The Emperor not only accepted the Dalai Lama as an independent sovereign but also as a Divinity on Earth. In return the Dalai Lama used his influence to bring the warlike Mongols into acknowledging the Emperor’s sway in China. Henceforth, there started a Priest-Patron relationship which brought a new element into the relations of Tibet, China and Mongolia. Another important event was the statement of the Fifth Dalai Lama that the line of the first Panchen Lama, Choekyi Gyaltsen, who was one of his tutors, would continue.

The glorious reign of the Great Fifth was followed by a period of intrigue and instability. To start with, the powerful prime minister, Desi Sangye Gyatso, had kept the death of the Fifth Dalai Lama secret for fifteen years in order to complete the construction of the Potala palace and also to ward off possible interference from Manchus, who had become increasingly powerful in China. When the Sixth Dalai Lama, Tsanyang Gyatso, was finally enthroned in 1697 he turned out to be an embarrassment to the Desi and his associates – refusing to take interest in the affairs of State and leading a frivolous life. Circumstances arising from the behaviour of the young Dalai Lama and also the personal conflict between the Desi and Lhazang Khan, the grandson of Gusri Khan and the chief of the Qosot Mongols in Central Tibet, led to the resignation of the Desi and the complete take over of political power by Lhazang Khan, who later allied himself with the Manchus and sent the young Dalai Lama into exile.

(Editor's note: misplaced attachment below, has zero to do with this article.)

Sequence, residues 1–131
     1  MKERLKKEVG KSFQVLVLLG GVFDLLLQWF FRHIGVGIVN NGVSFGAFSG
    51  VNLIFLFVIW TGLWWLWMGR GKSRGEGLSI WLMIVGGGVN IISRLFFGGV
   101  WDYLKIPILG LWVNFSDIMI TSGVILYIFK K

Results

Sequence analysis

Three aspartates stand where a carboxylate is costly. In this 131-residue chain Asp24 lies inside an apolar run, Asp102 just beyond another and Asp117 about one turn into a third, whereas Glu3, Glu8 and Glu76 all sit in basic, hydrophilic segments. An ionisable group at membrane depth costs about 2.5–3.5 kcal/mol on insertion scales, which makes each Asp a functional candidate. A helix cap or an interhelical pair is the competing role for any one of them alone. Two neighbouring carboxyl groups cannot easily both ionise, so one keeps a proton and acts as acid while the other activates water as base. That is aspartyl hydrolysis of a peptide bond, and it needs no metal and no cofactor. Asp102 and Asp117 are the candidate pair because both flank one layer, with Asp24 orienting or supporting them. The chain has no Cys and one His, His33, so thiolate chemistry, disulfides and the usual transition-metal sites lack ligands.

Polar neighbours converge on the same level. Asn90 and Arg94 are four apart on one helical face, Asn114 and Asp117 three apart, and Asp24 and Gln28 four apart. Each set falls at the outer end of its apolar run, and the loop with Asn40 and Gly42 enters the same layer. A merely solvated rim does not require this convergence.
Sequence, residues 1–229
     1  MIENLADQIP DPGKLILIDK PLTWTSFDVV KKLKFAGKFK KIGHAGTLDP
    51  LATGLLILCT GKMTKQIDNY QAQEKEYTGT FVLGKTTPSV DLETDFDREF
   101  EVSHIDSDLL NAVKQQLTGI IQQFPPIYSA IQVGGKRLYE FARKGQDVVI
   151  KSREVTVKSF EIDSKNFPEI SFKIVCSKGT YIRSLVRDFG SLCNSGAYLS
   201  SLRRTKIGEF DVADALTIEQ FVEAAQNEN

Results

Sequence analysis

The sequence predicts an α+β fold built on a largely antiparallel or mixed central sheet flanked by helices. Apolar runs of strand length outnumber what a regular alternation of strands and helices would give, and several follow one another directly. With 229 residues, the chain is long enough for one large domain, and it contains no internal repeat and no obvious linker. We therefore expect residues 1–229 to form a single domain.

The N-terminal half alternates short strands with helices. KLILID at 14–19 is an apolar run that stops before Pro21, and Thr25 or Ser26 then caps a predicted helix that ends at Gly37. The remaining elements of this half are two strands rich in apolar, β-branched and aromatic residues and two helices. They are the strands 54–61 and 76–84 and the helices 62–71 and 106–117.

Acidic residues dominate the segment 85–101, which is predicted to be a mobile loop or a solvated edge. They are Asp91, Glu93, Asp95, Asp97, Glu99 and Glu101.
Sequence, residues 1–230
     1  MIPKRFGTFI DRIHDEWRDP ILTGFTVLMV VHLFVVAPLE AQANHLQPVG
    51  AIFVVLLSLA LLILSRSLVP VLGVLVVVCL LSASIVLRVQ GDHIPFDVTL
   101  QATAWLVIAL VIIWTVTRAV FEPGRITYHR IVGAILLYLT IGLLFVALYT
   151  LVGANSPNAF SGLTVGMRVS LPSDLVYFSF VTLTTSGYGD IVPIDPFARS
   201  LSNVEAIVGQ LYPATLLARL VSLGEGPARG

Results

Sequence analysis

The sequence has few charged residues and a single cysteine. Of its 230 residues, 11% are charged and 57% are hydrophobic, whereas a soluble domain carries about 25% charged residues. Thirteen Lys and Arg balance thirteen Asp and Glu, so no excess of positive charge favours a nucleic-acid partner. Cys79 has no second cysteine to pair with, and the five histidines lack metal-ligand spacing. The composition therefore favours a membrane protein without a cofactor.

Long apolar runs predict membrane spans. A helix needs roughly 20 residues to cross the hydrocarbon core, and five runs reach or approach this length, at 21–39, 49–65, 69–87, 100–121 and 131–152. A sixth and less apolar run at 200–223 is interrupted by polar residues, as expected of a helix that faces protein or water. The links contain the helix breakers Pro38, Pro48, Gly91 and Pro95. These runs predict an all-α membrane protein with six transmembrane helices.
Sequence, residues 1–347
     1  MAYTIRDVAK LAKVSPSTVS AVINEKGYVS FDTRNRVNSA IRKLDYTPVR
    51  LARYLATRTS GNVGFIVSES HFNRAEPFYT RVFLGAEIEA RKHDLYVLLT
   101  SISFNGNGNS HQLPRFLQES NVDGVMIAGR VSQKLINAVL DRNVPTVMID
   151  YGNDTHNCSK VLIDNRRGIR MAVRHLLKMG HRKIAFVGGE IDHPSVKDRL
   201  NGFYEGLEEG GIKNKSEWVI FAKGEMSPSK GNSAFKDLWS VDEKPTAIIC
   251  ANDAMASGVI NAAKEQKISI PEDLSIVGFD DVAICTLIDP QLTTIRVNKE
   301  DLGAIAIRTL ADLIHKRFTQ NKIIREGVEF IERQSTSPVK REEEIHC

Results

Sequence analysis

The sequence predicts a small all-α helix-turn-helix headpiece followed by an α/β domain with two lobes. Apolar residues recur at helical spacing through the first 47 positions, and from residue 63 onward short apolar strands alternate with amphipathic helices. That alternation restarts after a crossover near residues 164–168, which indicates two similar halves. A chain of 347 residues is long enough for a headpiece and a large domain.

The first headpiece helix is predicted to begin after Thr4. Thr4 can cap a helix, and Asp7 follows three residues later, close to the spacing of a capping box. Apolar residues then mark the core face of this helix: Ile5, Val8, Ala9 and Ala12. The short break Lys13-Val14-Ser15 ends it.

Lhazang Khan was himself defeated and killed by Dzungar Mongols who had come to Tibet at the invitation of the monks of the three big Gelugpa monasteries in Lhasa, who had requested them to overthrow Lhazang Khan. But the Dzungars, who were staunch followers of the Gelugpa tradition, were not content with the death of Lhazang Khan. They proceeded to persecute the adherents of the Nyingmapa sect. This brought about a feeling of disenchantment against their presence among sections of the Tibetan people.